As a writer of mysteries (The Triple Threat Investigation Agency series), it’s no secret that I’m also a lover of the genre. Which would go without saying, of course. But I just did. <ROTFL>
Nancy Drew, as often stated, was [still is] my heroine. I first read her when I was eight and was hooked, big-time. Solving mysteries with her and George and Bess was fun.
It’s still fun, although these days I keep company with more heavyweights. Having that challenge—just who is the killer?—sends a shiver of anticipation along the spine with every novel cracked open (I like the feel of a real book, sorry Kindle).
So, you’re considering writing one? That’s good, very good indeed. But you’re uncertain where to start. Well, acquainting yourself with the genre should come first, but I’m assuming you’ve got an idea of what the world of whodunits entails.
Let’s consider a few “musts”.
You must introduce your main character(s), the sleuth(s), as soon as possible. The villain should be presented fairly early on, as well; readers must have an opportunity to pull the baddie(s) into their musings (as they endeavor to solve the mystery).
Make the major crime evident within a reasonable period, such as the first three or four chapters, as you want to create—and prolong—tension and suspense/excitement. With mysteries, what’s that major crime? Yup, you got it: murder.
Give the murder careful thought and plausibility. Maybe there’s only one body, maybe a few. If there are numerous ones, have the “surge” sound logical. Sure, there could be a serial killer, a whacko, maybe even more than one killer. Who doesn’t enjoy the roller-coaster ride of a thrilling serial killer case? If you intend to write one, ensure that it’s compelling and believable, given the characters and circumstances.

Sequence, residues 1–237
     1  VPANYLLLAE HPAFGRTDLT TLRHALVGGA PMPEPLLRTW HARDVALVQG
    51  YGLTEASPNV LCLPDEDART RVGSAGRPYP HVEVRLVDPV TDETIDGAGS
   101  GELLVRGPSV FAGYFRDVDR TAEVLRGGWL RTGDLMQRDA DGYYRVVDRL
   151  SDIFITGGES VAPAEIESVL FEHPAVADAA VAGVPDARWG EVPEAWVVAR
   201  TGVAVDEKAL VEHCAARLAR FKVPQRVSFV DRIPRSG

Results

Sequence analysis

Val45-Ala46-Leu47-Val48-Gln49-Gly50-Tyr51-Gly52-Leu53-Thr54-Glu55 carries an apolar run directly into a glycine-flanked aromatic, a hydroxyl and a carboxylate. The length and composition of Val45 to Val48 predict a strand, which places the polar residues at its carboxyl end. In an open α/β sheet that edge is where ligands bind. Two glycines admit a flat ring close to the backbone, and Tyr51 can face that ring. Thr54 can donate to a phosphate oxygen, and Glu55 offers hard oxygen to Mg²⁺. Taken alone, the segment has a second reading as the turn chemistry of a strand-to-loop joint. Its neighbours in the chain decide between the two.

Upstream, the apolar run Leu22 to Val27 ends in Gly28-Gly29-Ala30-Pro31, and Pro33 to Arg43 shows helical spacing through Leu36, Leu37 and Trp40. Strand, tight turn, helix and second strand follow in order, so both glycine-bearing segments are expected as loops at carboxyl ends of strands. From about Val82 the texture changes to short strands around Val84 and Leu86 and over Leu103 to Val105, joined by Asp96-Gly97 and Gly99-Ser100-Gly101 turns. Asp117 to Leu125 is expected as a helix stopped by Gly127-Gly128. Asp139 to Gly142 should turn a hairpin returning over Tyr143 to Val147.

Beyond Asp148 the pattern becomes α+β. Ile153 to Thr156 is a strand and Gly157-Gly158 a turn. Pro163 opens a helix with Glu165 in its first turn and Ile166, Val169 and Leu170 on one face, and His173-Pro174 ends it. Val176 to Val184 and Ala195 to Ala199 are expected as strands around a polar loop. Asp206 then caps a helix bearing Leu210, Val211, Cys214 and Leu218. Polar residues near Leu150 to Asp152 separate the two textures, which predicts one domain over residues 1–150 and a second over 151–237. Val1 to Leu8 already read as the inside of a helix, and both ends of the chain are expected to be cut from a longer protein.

Keep your story twisting and turning, but don’t drag it on forever. And don’t make the killer(s) obvious. You want readers to keep solving your challenging mystery, not yawning and heading off to do something more exciting, like garbage disposal or counter cleaning.
As I always say, do your due diligence. When you’re writing—creating—make sure to include facts. This could include details about the murder (perhaps from a forensic or law enforcement angle), description about the state of the body (if you’re writing a cozy, you may want to sugar-coat it and keep intense details/facts to a minimum), states of mind, and so forth. Present a sense of realism.
Consider writing a mystery like a paint-by-number kit. You’re completing it in a painstaking manner: every little piece should uniformly connect (“bind”).
Now that you have some food for thought, I’ll let you digest.
We’ll look at how to develop your detective next post. In the meanwhile, slap on that sleuthing cap and pursue that ever-winding writing/solving trail.